What Should You Do When a Debt Collector Calls?

What Should You Do When a Debt Collector Calls?

by | May 3, 2021

Receiving calls from debt collectors can be highly intimidating, whether you thought you were all paid up, or you knew you had old unpaid debts. Debt collectors may act aggressively on the phone to get you to pay them ASAP, so it’s important to remember that you have rights that give you certain protections, including time to figure out the debt.

While the Fair Debt Collection Practices Act (FDCPA) protects you against unfair debt collection practices, unscrupulous debt collectors may try to skirt by the law. That’s why you need to know your rights when a debt collector calls.

1. You Have the Right to Receive More Information

The FDCPA states that debt collectors must send you a letter that says how much you owe and who you owe it to, as well as instructions for requesting more information and/or disputing that the debt is legitimate. The debt collector must send you the letter within five days of the first time they contact you unless that information was already provided to you. When a debt collector calls, you can insist that they send you more information in writing.

You can also send a debt verification letter to the debt collector within 30 days of first contact, asking for more information about the identity of the original creditor and documentation that shows you owe the debt, such as this sample letter provided by the Consumer Financial Protection Bureau (CFPB).

You must verify information about the debt is correct before you decide to pay it (even if you think you owe the debt, they could have the amount wrong). If the debt isn’t legitimate, the amount owed is incorrect or they can’t prove you owe the debt, you may be able to avoid paying.

2. You Have the Right to Tell Them to Stop Contacting You

If you don’t want the debt collector to call you anymore for any reason, you can tell them to stop. To do so, send a written letter to the debt collector’s business address telling them to stop all contact. Again, the CFPB has sample letters.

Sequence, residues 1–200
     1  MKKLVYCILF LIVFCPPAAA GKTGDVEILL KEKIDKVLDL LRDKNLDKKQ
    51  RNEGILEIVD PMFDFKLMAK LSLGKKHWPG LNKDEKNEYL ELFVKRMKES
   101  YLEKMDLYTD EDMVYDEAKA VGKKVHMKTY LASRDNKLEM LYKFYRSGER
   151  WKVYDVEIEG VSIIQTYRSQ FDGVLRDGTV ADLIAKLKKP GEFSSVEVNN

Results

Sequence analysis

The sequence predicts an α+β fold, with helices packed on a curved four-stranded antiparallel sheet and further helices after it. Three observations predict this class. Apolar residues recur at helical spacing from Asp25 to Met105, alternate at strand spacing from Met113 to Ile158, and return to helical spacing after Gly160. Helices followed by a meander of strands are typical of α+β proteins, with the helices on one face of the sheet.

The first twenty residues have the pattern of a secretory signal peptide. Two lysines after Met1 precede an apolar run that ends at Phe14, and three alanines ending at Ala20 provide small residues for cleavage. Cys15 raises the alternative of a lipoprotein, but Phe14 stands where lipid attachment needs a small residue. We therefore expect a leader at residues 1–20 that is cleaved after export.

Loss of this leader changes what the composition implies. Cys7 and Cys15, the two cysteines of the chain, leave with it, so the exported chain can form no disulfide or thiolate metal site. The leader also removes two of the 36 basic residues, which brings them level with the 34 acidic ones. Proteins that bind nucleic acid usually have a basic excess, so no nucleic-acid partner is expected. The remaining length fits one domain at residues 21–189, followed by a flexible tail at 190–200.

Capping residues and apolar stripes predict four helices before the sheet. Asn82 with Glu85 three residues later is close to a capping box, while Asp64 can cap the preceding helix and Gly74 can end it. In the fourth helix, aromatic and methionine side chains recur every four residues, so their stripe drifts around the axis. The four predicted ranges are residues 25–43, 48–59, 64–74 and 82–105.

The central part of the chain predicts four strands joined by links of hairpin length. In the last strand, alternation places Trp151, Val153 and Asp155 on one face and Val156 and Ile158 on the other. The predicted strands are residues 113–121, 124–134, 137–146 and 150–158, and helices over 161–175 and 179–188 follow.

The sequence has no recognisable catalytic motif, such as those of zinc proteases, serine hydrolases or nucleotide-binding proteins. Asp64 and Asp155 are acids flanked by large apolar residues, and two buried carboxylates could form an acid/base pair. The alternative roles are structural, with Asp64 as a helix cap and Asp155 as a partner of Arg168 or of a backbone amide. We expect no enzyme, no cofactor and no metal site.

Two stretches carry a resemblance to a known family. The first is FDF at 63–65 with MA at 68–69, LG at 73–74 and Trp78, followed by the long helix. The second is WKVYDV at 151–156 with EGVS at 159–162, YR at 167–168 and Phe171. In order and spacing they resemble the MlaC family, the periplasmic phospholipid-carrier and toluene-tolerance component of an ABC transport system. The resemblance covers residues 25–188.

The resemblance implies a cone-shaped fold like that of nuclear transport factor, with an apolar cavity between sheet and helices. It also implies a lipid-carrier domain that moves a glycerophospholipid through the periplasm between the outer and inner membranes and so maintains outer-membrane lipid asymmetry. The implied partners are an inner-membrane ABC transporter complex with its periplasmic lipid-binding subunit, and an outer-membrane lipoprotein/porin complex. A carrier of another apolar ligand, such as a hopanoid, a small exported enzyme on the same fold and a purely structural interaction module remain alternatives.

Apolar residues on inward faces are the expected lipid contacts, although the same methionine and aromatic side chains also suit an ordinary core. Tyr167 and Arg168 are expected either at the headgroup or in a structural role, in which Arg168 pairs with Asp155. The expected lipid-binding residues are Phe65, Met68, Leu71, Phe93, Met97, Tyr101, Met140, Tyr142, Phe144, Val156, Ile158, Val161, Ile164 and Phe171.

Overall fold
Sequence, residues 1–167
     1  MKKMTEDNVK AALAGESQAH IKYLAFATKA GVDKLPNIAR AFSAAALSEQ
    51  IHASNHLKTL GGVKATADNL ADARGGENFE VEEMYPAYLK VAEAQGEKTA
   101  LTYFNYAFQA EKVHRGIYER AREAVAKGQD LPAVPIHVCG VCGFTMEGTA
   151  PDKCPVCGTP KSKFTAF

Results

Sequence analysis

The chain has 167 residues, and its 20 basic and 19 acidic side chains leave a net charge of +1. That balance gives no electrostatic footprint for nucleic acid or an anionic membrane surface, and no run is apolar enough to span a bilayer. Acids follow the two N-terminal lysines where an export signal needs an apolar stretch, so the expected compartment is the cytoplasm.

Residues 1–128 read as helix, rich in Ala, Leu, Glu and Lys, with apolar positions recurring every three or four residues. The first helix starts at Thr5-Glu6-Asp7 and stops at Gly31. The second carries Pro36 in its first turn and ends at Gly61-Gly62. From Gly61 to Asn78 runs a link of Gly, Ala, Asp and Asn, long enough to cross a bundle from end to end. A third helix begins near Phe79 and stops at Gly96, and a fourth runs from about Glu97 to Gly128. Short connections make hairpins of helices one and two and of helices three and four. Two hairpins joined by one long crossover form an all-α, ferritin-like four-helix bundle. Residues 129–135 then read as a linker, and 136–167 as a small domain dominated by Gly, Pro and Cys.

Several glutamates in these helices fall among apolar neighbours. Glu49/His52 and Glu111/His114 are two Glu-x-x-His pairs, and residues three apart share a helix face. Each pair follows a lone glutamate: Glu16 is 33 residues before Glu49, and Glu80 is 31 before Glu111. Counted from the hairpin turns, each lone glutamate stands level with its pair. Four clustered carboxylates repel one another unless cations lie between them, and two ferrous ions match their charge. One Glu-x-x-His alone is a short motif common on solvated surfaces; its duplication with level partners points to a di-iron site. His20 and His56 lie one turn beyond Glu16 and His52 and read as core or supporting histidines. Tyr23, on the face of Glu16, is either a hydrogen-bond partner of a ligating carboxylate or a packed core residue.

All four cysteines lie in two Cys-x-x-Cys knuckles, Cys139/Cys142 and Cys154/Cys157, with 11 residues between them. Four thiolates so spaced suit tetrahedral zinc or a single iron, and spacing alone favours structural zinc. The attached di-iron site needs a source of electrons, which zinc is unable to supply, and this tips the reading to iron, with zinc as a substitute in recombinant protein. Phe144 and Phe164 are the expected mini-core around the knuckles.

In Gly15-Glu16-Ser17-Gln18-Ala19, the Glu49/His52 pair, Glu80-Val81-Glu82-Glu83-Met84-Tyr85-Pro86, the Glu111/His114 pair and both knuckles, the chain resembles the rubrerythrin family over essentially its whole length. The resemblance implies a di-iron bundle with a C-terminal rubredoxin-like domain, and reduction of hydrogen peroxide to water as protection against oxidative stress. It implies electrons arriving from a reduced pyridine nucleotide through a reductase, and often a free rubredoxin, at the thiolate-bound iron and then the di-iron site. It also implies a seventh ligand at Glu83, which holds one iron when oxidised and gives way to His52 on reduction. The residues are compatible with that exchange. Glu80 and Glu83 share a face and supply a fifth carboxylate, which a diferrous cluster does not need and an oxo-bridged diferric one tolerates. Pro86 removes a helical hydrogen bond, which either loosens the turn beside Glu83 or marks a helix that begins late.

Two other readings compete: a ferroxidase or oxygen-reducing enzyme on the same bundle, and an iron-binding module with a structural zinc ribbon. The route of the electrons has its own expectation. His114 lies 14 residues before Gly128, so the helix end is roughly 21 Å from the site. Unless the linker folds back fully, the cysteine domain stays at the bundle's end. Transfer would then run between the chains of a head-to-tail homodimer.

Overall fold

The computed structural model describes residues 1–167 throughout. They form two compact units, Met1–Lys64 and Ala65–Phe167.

Once the debt collector receives your letter, they can only contact you to tell you they received your request and confirming they will not contact you anymore, or to tell you they are taking specific actions like suing you in court. Remember, telling debt collectors to stop calling won’t make the debt disappear. You can still be sued for the debt, which can cause severe financial penalties if the court rules against you.

3. You Have Protections Against Unfair Practices

It is illegal for debt collectors to:

  • Threaten violence or arrest.
  • Use profanity or offensive language.
  • Repeatedly call you with harassing phone calls.
  • Lie or misrepresent the amount you owe or the consequences of not paying.
  • Contact you outside of 8 a.m. and 9 p.m.
  • Contact you at your place of employment if your employer doesn’t allow it.
  • Contact anyone about your debt other than your lawyer, credit bureaus, the original creditor or their own lawyers.

You can report illegal debt collection practices to the CFPB and your state attorney general’s office. Many states have their own debt collection laws, so contacting state authorities can be a good idea. Document any violation of the law on the part of the debt collector; while it won’t make legitimate debts go away, it can help prevent further misconduct and even give you grounds to sue the debt collector.

This article is provided for informational purposes only and is not providing legal advice.

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